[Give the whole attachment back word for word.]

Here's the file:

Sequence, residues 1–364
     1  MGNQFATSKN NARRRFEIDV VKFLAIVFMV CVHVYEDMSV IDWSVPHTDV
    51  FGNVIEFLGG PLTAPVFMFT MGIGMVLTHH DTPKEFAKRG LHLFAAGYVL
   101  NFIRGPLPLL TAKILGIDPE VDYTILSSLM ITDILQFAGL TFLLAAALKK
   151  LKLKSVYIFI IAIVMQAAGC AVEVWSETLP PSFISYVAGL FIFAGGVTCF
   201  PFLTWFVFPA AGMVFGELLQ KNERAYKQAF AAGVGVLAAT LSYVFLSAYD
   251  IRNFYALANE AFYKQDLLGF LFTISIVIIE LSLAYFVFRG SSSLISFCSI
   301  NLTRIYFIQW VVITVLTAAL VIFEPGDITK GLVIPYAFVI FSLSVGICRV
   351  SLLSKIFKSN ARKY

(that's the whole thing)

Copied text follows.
Sequence, residues 1–364
     1  MGNQFATSKN NARRRFEIDV VKFLAIVFMV CVHVYEDMSV IDWSVPHTDV
    51  FGNVIEFLGG PLTAPVFMFT MGIGMVLTHH DTPKEFAKRG LHLFAAGYVL
   101  NFIRGPLPLL TAKILGIDPE VDYTILSSLM ITDILQFAGL TFLLAAALKK
   151  LKLKSVYIFI IAIVMQAAGC AVEVWSETLP PSFISYVAGL FIFAGGVTCF
   201  PFLTWFVFPA AGMVFGELLQ KNERAYKQAF AAGVGVLAAT LSYVFLSAYD
   251  IRNFYALANE AFYKQDLLGF LFTISIVIIE LSLAYFVFRG SSSLISFCSI
   301  NLTRIYFIQW VVITVLTAAL VIFEPGDITK GLVIPYAFVI FSLSVGICRV
   351  SLLSKIFKSN ARKY